Implementing predictive maintenance (PdM) on equipment that operates intermittently, seasonally or not at all can be quite challenging. Most of the available predictive technology is designed to monitor equipment at a steady state with repeatable conditions so that users can compare current data with previous readings. Additionally, there is the problem that failure modes change depending on the operating profile of the equipment. The same type of equipment will have different failure mechanisms depending on whether it is constantly running, operating intermittently, in standby condition with only periodic testing or on long-term lay-up.
The good news, though.
Anywhere there exists a problem, there is also an opportunity. The trick is to move away from trying to adapt the mainstream technologies to an irregular situation and start with a custom-made PdM plan that is tailored to your individual situation. Here is how to do it:
Take advantage of the downtime
A great place to start with PdM on standby equipment is to understand that some technologies are meant to be applied offline. If your equipment has a lot of standby time, there is no excuse not to have these programs implemented.
- Precision alignment: I have seen figures from laser- and precision-alignment equipment vendors claiming that up to 50 percent of rotating machinery failures can be directly attributed to misalignment. I take that with a grain of salt. Even if the real figure is a tenth of that, precision alignment is worth implementing in most industries. Misalignment is the root cause of several machine failures, which can lead to higher energy consumption, higher vibrations, premature wear and overheating, as well as other failure mechanisms. If you want your equipment to run smoothly when you need it, precision alignment is a must.
- MCA offline: Motor circuit analysis (MCA) is often divided into two categories: online and offline. While some analysis is capable of doing both, it comes with a hefty price tag. For standby motors, offline MCA goes beyond insulation resistance and allows for fault finding and condition monitoring of both rotor and stator. It´s a growing PdM tool that allows for trending and monitoring of the overall health of electric motors.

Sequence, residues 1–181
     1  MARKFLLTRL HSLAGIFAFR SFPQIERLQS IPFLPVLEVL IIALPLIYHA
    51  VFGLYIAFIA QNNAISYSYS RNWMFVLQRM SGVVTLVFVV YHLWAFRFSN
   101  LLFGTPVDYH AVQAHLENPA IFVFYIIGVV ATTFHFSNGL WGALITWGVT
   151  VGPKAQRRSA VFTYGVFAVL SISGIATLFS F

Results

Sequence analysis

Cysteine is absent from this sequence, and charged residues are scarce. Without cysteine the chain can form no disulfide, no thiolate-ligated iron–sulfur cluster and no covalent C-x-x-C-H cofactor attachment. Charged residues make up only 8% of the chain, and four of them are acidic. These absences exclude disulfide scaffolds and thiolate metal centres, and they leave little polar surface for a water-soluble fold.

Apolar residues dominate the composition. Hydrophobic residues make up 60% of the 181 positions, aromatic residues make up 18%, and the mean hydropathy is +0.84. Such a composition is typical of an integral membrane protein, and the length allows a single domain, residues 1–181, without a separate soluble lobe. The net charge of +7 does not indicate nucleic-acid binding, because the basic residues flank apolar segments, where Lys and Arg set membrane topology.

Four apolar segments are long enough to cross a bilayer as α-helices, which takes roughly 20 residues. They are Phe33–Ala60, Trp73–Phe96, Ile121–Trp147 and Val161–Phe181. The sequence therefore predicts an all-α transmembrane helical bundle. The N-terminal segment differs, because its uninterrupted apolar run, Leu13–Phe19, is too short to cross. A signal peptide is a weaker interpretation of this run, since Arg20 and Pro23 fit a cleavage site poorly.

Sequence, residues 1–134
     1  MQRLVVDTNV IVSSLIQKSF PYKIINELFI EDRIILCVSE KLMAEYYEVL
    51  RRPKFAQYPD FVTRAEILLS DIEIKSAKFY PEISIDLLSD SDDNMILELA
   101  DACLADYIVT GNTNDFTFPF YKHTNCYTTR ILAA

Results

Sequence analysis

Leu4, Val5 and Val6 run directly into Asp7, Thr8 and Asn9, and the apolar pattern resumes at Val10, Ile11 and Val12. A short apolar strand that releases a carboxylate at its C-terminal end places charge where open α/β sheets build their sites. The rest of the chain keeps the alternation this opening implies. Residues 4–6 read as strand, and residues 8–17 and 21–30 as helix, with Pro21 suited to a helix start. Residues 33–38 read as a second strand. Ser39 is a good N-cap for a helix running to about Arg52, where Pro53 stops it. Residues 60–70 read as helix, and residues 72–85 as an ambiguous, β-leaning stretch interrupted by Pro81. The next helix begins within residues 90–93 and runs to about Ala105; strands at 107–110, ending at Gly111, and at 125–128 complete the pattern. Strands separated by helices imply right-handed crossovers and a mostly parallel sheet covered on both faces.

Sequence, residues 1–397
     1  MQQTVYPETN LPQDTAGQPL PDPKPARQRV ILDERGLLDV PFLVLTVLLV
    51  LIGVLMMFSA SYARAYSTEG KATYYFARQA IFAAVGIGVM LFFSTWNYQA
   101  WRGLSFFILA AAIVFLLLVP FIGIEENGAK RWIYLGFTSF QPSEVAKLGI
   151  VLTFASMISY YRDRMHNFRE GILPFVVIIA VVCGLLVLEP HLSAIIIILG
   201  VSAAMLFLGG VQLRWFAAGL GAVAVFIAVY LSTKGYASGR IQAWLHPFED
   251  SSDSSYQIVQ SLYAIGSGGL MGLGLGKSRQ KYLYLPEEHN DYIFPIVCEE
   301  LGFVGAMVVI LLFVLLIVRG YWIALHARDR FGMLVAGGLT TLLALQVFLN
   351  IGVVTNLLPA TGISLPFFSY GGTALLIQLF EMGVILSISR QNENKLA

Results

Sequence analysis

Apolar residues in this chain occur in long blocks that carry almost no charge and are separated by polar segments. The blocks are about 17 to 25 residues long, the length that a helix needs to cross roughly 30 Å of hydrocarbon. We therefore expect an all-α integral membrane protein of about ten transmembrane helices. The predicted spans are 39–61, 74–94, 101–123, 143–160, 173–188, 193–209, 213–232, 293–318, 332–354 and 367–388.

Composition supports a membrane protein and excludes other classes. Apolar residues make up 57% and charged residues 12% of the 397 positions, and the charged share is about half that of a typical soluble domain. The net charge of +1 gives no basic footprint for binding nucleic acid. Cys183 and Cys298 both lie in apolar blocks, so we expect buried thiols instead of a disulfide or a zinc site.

Remember that some things still apply
Even if the plant is not currently producing, some predictive testing technologies still apply. As long as electrical panels are energized, it’s still valid and recommended to perform periodic ultrasonic electrical inspections to detect signs of arcing, tracing and corona. The same applies to dissolved gas analysis (DGA) of dielectric oil in power transformers.
Lubricating and hydraulic oil analysis of standby equipment should also be a part of your monitoring program for standby equipment, but because your failure mode changes, so does what you monitor. Instead of focusing on wear particles, the oil analysis program will tend to shift its emphasis to oil contamination, corrosion, additive depletion, etc. Special attention should be paid to the sampling procedure to make sure representative samples are being obtained.
Seize the opportunity
Standby equipment will, by its nature, have higher start/stop ratios per running hour than its counterparts. This is something you can and should take advantage of to customize your condition monitoring program.
- Coast-down time: Chances are you perform periodic starts on standby equipment but are you trending coast-down times? Coast-down time is a basic condition-monitoring technique that is often underutilized. It refers to simply measuring the time it takes an equipment to come to a complete stop once the power or fuel is cut off.
My experience trending coast-down times started on large frame gas turbines. Under normal conditions, it took around 20 minutes for a turbine to come to a complete stop from 3600 rpm. I have seen that time decrease to eight minutes under a misalignment condition. That equates to a 60% decrease and it´s hard to miss. A myriad of variables can affect a machine´s coast-down time, but the two most common are unbalances and misalignment.
- Rate of rise in bearing temperature: I once read the following phrase on an electric motor operation and maintenance manual: “Following the initial start-up, the bearing temperatures should be closely monitored. The rate of rise in bearing temperature is more indicative of impending trouble than is the actual temperature.” Therefore, we started monitoring and trending bearing rate of temperature rise during start-up to validate its usefulness as a condition monitoring technique.
Your standby equipment doesn’t need to suffer from lack of periodic check-ups when it comes to predictive technology. A full asset health report based on multiple condition-monitoring techniques is possible, it will just look different.
Gupta, Piyush, and O. P. Ghandi. "Coast-Down Time Monitoring for Defect Detection in Rotating Equipment ." International Journal of Performability Engineering 10, no. 2 (March 2014): 197-210
TECO-Westinghouse. OPERATION & MAINTENANCE MANUAL FOR THREE PHASE INDUCTION MOTORS. Round Rock, TX: TECO-Westinghouse Motor Company